Decided on December 13,1960

ASARAM Appellant
DEORAJ Respondents

Referred Judgements :-



- (1.)THIS is a defendant's appeal under O. 43 R. 1 (u) C. P. C. against the appellate order dated 20. 5. 1959 of the Civil Judge (Senior) No. 5 Jodhpur setting aside the decree of the Munsif Jodhpur and remanding the case for decision on other issues. 2. The facts relevant and necessary for the disposal of this appeal may be stated as follows: Laxmi Corporation Jodhpur, which according to the plaintiff, was the concern of one Kanmal alone and which according to the defendants, was a partnership firm between Kanmal Parakh and one Kr. Mohan Singh, obtained a contract from the Stewards of the turf club, Ratanand, Jodhpur for running shops and stalls for a period of one year from 1. 11. 1946 to 31. 10. 1947. The contractors sublet to defendants Bankatlal and Asaram, proprietors of Modern Fancy Stores, Mirchi Bazar, Jodhpur a part of the contract vide a deed executed on 22. 10. 1946 and signed by Kanmal on behalf of Laxmi Corporation and Bankatlal ana Asaram the defendants. It is unnecessary to set-forth the details of the terms of the so contract for the purposes of this appeal. It will be sufficient to state that the Laxmi Corp -ration claimed a right to recover from defendants No. 2 & 3 an amount of Rs. 1,704/-besides interest under the sub contract. On 4. 4. 1949 Kanmal defendant No. 3 purporting to be the sole proprietor of Laxmi Corporation made an assignment in favour of the plaintiff appellant Deoraj, of some debts including the one out-standing against the defendants. Deoraj thereupon filed a suit against Bankatlal and Asharam and also impleaded Kanmal. A prayer for decree against the two defendants was made and in the alternative it was prayed that a decree against Kanmal might be passed. 4. Kanmal admitted the allegations of the plaint although pleaded that he was not liable to pay the amount and that no decree should be passed against him. Bankatlal ana Asharam traversed the allegations of the plaintiff and inter-alia pleaded that Laxmi Corporation was a partnership firm and that Kr. Mohan Singh was also a partner of that firm, Kanmal alone was not competent to assign the debt in favour of the plaintiff. It was also pleaded that the firm Laxmi Corporation was not a registered one and, therefore, sec. 69 barred one of the partners to file a suit and should consequently bar a transferee of the partnership firm from filing the suit. The plaintiff, in his replication did not admit the allegations of the defendant with regard to Kr. Mohan Singh being the partner of the Laxmi Corporation. He adhered to his stand that Laxmi Corporation was not a partnership firm and that Kanmal alone was the sole proprietor of the business conducted in the name of Laxmi Corporation. Kanmal was also examined under O. 10 and he denied that Laxmi Corporation was a partnership farm and that Kr. Mohan Singh was a partner. A number of issues were framed but at present we are concerned only with issue no. 5 which reads as follows:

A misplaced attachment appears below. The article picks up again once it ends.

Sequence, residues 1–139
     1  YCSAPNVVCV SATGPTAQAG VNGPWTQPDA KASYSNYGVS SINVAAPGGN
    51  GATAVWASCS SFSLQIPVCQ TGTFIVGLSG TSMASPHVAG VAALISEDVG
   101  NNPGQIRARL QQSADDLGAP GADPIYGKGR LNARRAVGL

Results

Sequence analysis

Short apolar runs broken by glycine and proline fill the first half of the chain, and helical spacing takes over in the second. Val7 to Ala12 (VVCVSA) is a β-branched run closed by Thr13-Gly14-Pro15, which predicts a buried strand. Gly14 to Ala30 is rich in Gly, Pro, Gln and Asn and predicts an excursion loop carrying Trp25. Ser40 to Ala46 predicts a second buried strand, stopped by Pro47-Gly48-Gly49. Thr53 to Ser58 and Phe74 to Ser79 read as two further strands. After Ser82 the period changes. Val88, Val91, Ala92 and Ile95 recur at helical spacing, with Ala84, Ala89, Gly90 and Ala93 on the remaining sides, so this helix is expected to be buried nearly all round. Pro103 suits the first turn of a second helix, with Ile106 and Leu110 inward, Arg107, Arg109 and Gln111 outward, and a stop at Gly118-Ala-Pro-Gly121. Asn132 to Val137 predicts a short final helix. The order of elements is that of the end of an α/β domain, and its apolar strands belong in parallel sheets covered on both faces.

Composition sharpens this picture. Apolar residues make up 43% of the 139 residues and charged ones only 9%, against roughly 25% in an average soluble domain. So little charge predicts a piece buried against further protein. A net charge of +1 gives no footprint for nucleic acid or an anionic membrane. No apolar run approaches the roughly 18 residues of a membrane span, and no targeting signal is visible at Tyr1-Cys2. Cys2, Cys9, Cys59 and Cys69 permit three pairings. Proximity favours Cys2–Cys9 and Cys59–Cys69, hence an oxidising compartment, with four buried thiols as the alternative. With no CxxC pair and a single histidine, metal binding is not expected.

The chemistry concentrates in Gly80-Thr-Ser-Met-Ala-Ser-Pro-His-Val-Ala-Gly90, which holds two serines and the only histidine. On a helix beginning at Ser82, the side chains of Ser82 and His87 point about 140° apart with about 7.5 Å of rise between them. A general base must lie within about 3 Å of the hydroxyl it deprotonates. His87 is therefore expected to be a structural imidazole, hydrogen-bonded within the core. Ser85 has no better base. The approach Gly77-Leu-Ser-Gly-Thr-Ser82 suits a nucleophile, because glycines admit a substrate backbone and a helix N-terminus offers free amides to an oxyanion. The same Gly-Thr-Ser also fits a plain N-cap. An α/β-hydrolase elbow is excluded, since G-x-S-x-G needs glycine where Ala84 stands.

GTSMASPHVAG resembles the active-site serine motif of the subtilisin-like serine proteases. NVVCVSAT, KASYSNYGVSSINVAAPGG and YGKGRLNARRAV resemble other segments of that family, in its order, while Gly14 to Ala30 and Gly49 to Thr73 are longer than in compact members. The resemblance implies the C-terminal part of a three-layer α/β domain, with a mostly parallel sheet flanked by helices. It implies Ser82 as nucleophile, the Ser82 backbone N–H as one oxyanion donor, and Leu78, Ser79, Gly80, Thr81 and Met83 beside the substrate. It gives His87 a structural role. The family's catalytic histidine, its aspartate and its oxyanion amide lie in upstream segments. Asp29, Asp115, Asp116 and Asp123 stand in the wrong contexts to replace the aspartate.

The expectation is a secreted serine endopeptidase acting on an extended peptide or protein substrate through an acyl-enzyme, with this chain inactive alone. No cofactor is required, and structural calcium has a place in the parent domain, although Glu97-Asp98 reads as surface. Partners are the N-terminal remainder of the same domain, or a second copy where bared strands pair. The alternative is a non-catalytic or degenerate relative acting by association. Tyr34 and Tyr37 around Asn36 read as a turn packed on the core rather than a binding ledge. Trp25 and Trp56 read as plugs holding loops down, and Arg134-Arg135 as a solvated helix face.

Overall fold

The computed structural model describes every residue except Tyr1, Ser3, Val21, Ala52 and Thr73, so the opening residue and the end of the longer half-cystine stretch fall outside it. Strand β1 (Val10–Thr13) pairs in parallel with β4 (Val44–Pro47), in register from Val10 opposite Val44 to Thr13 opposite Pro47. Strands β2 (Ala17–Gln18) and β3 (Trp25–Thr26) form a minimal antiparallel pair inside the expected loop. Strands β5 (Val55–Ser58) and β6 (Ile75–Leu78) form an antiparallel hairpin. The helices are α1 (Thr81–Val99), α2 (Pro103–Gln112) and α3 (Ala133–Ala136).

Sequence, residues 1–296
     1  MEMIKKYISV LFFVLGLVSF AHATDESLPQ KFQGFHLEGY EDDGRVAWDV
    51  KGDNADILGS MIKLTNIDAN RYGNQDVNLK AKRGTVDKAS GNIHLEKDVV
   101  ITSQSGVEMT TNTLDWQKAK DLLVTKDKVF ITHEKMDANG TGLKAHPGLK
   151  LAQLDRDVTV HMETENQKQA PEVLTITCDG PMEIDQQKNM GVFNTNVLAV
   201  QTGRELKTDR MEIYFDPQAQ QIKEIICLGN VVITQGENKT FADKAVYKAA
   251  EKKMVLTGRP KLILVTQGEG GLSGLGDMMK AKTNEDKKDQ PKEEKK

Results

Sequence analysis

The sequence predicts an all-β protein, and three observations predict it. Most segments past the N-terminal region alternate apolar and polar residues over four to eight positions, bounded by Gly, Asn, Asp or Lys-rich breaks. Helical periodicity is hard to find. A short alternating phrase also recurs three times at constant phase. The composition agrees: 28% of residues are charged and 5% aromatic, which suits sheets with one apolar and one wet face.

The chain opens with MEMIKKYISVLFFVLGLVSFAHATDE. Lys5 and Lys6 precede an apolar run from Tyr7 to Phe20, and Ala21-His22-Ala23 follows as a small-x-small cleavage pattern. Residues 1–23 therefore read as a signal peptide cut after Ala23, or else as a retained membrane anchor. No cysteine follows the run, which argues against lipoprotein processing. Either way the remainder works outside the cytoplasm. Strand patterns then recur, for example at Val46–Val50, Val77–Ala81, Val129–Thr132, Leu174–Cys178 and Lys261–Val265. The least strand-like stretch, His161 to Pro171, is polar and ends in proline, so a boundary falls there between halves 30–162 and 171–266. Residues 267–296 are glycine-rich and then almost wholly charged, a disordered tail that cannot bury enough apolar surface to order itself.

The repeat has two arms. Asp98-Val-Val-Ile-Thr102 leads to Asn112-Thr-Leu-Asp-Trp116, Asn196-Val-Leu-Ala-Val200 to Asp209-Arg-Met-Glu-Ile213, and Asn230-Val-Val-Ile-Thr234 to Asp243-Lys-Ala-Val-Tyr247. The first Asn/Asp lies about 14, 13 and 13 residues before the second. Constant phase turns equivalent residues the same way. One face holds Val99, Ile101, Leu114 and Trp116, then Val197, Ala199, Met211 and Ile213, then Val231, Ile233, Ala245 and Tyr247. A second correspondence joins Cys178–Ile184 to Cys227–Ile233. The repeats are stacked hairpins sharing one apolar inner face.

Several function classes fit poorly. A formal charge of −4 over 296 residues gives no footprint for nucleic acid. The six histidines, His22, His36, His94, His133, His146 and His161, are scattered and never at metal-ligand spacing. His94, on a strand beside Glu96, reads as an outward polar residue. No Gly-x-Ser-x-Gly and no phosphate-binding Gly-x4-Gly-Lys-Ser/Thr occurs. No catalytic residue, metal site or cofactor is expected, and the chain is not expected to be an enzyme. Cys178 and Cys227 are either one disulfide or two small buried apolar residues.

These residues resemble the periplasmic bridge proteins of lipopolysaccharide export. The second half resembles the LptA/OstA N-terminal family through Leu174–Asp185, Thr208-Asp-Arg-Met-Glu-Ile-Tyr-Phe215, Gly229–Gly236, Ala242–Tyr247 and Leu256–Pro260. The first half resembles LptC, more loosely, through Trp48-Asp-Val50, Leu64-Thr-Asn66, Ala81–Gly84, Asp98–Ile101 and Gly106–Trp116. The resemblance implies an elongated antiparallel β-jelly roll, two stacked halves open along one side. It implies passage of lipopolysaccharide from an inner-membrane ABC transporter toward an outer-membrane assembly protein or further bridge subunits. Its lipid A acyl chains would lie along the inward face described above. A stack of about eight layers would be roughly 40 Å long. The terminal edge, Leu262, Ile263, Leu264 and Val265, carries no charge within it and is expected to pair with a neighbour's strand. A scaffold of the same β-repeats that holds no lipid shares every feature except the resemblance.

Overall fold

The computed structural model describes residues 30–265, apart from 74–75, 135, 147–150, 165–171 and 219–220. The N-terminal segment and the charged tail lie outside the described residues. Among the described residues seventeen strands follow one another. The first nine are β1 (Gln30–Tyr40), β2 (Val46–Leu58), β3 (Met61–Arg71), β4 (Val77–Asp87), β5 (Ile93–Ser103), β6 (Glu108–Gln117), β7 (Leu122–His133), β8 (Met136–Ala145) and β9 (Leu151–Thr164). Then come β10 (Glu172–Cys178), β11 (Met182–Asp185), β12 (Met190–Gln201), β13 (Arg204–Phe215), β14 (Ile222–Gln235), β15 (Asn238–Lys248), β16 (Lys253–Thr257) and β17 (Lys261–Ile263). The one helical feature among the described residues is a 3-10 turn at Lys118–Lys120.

(2.)D;k y{eh Dksikszjs'ku esa egkjkt eksguflag oyn jruflagth Hkkxhnkj Fks\ o jftlvmz Qez u gksus ls o csotg nkos esa Hkh lc Hkkxhnkjku Ds 'kjhD u gksus ls nkok ukDkfcy is'k'kqn gs** The DefenDants in their eviDence examineD Kr. Mohan Singh who proDuceD a partnership DeeD executeD between him anD Kanmal. He also proDuceD certain letters sent to nun by Kanmal to prove that Laxmi Corporation was a partnership firm, There was no rebuttal eviDence on this point. The trial Court helD that the Laxmi Corporation was a partnership firm anD Kr. Mohan Singh was one of the partners. The trial Court further consiDereD the case then pleaDeD before it that even though the Laxmi Corporation was a partnership farm Kanmal alone as a partner shoulD be treateD as competent to assign the Debt of a DissolveD partnership for the purposes of winDing up the affairs of the partnership anD DeciDeD the point against the plaintiff. In the result, the trial Court DismisseD the plaintiff's suit against DefenDants no. 1 & 2 anD passeD a Decree against Kanmal. Kanmal remaineD satisfieD with the Decree anD DiD not file any appeal. The plaintiff fileD an appeal against the orDer exonerating the two DefenDants Asharam anD Bankatlal. The appeal against Bankatlal was however rejecteD unDer O. 41 R. 18 C. P. C. anD the rejection was maintaineD on application unDer rule 19. The plaintiff's main content on DiscloseD in the grounDs of appeal was that the partnership having been DissolveD Kanmal alone was competent to assign the Debt for the purposes of winDing up the affairs of the partnership. As against this case set up by the plaintiff the Sen or Civil JuDge maDe out an entirely Different case for the plaintiff. The Senior Civil JuDge helD that at the time of assignment the partnership was subsisting anD Kanmal as a partner of a subsisting partnership was competent to make the assignment. He accorDingly accepteD the appeal anD remanDeD the case for Decision on other issues. The orDer of remanD operateD only so far as DefenDant Asharam was concerneD. Asharam has fileD the present appeal against the orDer of remanD. 5. At the out-set Mr. Kishore Singh raiseD a preliminary objection that the orDer of remanD DiD not fall unDer O. 41 R. 23 C. P. C. anD was not appealable. The basis of the argument was that the suit was DecreeD against Kanmal anD, therefore, it coulD not be saiD that the case was DeciDeD on a preliminary point. It however appears from the juDgment of the Civil JuDge that he treateD the Decision of the trial Court as a Decision on a preliminary point anD remanDeD the case unDer O. 41 R. 23. He also DirecteD the refunD of the court-fee. Obviously the orDer has been treateD by the Civil JuDge as one falling unDer O. 41 R. 23 C. P. C. In these circumstances even though the orDer may not have been properly passeD unDer O. 41 R. 23 yet it is appealable in view of Dictum laiD Down in Ratanraj Vs. Kripashanker (1 ). The preliminary objection has no force anD is rejecteD. 6. Arguing the appeal on merits, it was strongly contenDeD by Mr. ChanDa that the appellate court ought not to have maDe a new case for the plaintiff. The Decision of the case shoulD have been baseD on the case as set up by the plaintiff. He further urgeD that the eviDence which was leD on issues on which the parties actually went on to trial shoulD not be maDe the founDation for Decision on another anD Different issue which was not present to the minD of the parties anD on which they haD no opportunity to aDDuce eviDence. In support of his contention a number of authorities were citeD on behalf of the appellant. It will be not necessary to Discuss all these authorities but it will be as well to notice a few of therm As early as the year 1866 LorD Westbury Delivering a juDgment of the Privy Council in EshenchunDer Singh anD Shamachurn Bhutto Vs. KoilaschunDer Singh (5) thought it proper to point out the absolute necessity that the Determinations in a cause shoulD be founDeD upon a case either to be founD in the pleaDings or involveD in or consistent with the case thereby maDe. His LorDship further observeD as follows: It is impossible to concluDe parties by inferences of fact, which are not only inconsistent with the allegations in the plaint, constituting the case the DefenDants haD to meet, but which were in reality contraDictory to the case maDe by the plaintiff. " In SiDDik MohammaD Shal Vs. Mst. Saran (3) the Privy Council approveD the finDing of the JuDicial Commissioners that "no amount of eviDence can be lookeD into upon a plea which was never put forwarD. " The maxim, secunDum allegata at proData, generally recogniseD anD applieD inDeeD lays Down a very salutary principle of practice that a party can only succeeD accorDing to what was allegeD anD proveD anD that he cannot, be permitteD to succeeD on a case not so set up by him. The courts shoulD never be oblivious of the cases set up by the parties anD shoulD not orDinarily unDertake roaming enquiries anD take Decisions on points on which the parties affecteD haD no notice or opportunity to meet. I shoulD not be taken to suggest that there shoulD be a complete corresponDence between pleaDings anD proof anD that every variation; between them shoulD be emphasiseD anD consiDereD fatal irrespective of prejuDice anD surprise to the parties. It may however be safely laiD Down that a party cannot be granteD relief on a case (a) which is contraDictory to the case initially set up, (b) when there is no founDation of the case in the pleaDings anD the other party haD no opportunity to meet anD the new case was a surprise to him. 7. Examining the case in the light of the principle enunciateD above, I may state that the plaintiff came forwarD anD consistently aDhereD to the case that Laxmi Corporation was not a partnership firm but was a sole concern of Kanmal. In making the assignment also Kanmal DescribeD himself as the sole proprietor. Even when the DefenDant fileD a written-statement alleging that Laxmi Corporation was a partnership firm the partners being Kanmal anD Kr. Mohan Singh the plaintiff DiD not choose to aDmit it anD set-up an alternative case. In the replication the plaintiff DenieD the fact of partnership. Kanmal when examaineD unDer O. 10 C. P. C. also DenieD the partnership. At the time of arguments the plaintiff took a stanD that even if there was a partnership between Kanmal anD Kr. Mohansingh that partnership shoulD be DeemeD to have been DissolveD anD Kanmal shoulD be treateD as competent to assign the partnership Debt to winD up the affairs of the partnership. Even at that stage it was not the plaintiff's case that at the time of assignment partnership was subsisting anD Kanmal haD the right to assign the Debt. After the Dismissal of the suit by the trial court even in the grounDs of appeal only the above stanD was repeateD. In these circumstances, it is regrettable that the Senior Civil JuDge shoulD have completely brusheD asiDe the case set-up by the plaintiff anD shoulD, have founD that on the Date of the assignment there was a subsisting partnership anD that Kanmal alone as a working partner was competent to make an assignment of the Debt in favour of the plaintiff. That being so it is Difficult to maintain the juDgment of the Senior Civil JuDge. Mr. Kishore Singh argueD that on the pleaDings of the DefenDant anD on certain portions of the statement of Kr. Mohan Singh the competence of Kanmal to assign the Debt can be easily spelleD out. It has been stateD earlier that the courts cannot go beyonD the case set up by the plaintiff. The eviDence anD finDings which fall out of the scope of the pleaDings shoulD be ignoreD. The DefenDant examineD Kr. Mohan Singh only to rebut the plaintiff's case that Kanmal alone was the proprietor of Laxmi Corporation. The question even if Laxmi Corporation was a partnership firm still Kanmal woulD be competent to assign the Debt, was not the subject matter of pleaDing or issue anD any casual statement of Kr. Mohan Singh cannot be maDe the founDation of a finDing that Kanmal alone was competent to assign the Debt. In these circumstances, I have no alternative but to reverse the orDer of the Senior Civil JuDge which is not sustainable on the materials on recorD. The case will go back to the Senior Civil JuDge No. 2 JoDhpur for DeciDing the appeal on merits after consiDering the arguments on the various points arising in the case. The costs shall abiDe the result. .